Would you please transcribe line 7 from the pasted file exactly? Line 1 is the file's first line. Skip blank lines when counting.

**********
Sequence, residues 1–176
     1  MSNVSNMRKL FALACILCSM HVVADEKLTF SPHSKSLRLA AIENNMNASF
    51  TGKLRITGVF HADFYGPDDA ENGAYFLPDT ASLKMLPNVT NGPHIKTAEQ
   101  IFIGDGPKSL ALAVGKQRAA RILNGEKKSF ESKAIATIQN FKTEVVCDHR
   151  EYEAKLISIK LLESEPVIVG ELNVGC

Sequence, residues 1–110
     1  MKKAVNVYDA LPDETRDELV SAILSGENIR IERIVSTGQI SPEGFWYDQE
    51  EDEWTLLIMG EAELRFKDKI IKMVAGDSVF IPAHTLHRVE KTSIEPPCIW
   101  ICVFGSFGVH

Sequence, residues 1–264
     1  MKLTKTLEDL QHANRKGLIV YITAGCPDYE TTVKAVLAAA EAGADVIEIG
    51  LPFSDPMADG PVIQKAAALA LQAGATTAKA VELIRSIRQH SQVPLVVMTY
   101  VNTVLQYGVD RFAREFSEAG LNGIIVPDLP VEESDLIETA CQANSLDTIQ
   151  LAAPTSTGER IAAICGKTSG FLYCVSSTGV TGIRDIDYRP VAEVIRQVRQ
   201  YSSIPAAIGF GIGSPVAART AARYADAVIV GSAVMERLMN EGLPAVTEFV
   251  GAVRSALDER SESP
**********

     1  MKKAVNVYDA LPDETRDELV SAILSGENIR IERIVSTGQI SPEGFWYDQE